Top Five Medical News Stories From Southeast Asia – 19 January

We look at the top 5 most popular medical news stories across Southeast Asia this week! 

#1 – Brain Surgery in Malaysia Only Costs RM258

Photo Credit: Lee Vi Hua

A man, Lee Vi Hua, expressed his gratitude and amazement on Facebook over the affordable cost of his wife’s brain surgery and treatment at a government hospital in Malaysia. His wife had been suffering from severe headaches. Thereafter, she was diagnosed with a brain haemorrhage and underwent a brain coiling procedure. Initially planned at a private hospital with an estimated cost of RM150,000, her surgery was shifted to a government facility due to her contracting COVID-19. Despite initial challenges, including surgeons being on leave, the surgery was successfully conducted on January 7. Astonishingly, the total cost for the 26-day treatment and surgery amounted to only RM258. This experience has drawn attention to the high quality and accessibility of medical care in government hospitals in Malaysia.

#2 – DOH in Philippines Investigating Death Linked to Stem Cell Treatment

The Department of Health (DOH) in the Philippines is investigating a clinic in Quezon City following the death of a 39-year-old woman who reportedly experienced complications after receiving intravenous (IV) glutathione and stem cell therapy. Health Secretary Ted Herbosa highlighted that not all clinics are authorised to perform stem cell procedures. Consequently, the DOH is verifying whether the clinic in question is licensed for such treatments.

Currently, only six facilities in the Philippines are accredited by the DOH to perform human stem cell and cell-based therapies. The Food and Drug Administration (FDA) only recognises specific applications of stem cell therapy. These include hematopoietic stem cell transplantation and certain skin and corneal procedures.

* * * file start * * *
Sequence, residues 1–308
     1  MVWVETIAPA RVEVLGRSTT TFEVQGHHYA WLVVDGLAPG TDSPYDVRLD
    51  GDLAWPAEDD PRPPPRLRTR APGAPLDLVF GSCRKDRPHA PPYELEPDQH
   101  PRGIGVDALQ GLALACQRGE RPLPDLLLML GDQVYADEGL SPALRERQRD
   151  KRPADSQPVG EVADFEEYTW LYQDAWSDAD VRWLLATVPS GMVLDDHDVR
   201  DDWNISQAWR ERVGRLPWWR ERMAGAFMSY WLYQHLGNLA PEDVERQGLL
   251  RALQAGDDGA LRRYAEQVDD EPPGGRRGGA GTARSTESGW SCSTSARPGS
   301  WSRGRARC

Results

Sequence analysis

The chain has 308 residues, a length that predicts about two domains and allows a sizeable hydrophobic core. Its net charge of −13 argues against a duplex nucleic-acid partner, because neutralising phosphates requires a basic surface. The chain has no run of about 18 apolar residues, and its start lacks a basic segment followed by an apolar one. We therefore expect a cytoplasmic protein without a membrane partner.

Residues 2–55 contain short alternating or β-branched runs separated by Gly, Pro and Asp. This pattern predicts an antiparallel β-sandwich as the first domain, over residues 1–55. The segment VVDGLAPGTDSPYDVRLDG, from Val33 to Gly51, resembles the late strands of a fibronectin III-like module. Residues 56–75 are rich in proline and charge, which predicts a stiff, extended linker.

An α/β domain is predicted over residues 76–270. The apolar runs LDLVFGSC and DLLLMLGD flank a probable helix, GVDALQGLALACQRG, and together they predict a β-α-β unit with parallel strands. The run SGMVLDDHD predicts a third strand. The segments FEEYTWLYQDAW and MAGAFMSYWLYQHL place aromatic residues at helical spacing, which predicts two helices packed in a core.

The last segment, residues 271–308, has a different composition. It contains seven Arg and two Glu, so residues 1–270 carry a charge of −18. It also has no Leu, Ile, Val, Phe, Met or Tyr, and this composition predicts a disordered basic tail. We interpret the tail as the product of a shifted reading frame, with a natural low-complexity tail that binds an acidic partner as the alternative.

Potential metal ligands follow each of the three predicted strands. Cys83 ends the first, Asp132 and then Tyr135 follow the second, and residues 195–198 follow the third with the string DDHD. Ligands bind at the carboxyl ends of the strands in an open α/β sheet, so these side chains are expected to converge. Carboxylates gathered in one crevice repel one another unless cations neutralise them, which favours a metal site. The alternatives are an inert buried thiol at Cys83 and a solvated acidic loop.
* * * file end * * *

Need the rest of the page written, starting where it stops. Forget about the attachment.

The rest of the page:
#3 – Exercising Alone Better Than With Spouse: Singapore Study

A study by Nanyang Technological University, Singapore, found that older adults exercising individually achieved higher physical activity levels compared to those exercising with their spouses. The study, involving 240 participants aged 54-72, also revealed that personalised feedback from fitness trackers increased activity levels. These findings suggest promoting physical activity in older adults might be more effective when done individually. The research aligns with NTU’s focus on health and society and involves giving participants fitness trackers to monitor various health metrics. The study’s results have implications for policies encouraging active ageing, especially among seniors.

#4 – 30-baht Plus Healthcare Scheme Commences in Thailand

Thailand’s Public Health Minister, Cholnan Srikaew, expressed satisfaction with the recently launched 30-baht plus healthcare scheme. This new initiative is part of the “One Card for All” concept. It enables members of the universal healthcare card scheme, or gold card scheme, to access medical services in any hospital across Roi Et, Phrae, Phetchaburi, and Narathiwat provinces during its initial phase. 300 million baht has been allocated for this first phase. Subsequently, the programme aims to expand to additional provinces in March. The ministry is seeking 6.2 billion baht to support the scheme in the 2024 Budget Bill. Future plans include partnering with the Social Security Office to extend these benefits to Social Security Fund members. This would allow them to access any hospital using their ID cards.

#5 – Indonesia Reminds Public To Buy Official Products

The Indonesian Health Ministry has issued a reminder to the public about the importance of ensuring that health-related items, such as pharmaceutical products and medical devices, have official distribution permits. This is crucial for guaranteeing the safety and quality of these products. Eka Purnamasari, the ministry’s Director of Medical Device Supervision, emphasised that unregistered products can pose health risks and are subject to legal sanctions.

The ministry is particularly vigilant due to several medical devices being offered at lower prices. However, these products might not meet safety standards. Purnamasari advised the public to buy only registered products that have undergone evaluation by the Ministry of Health and possess a valid distribution permit.

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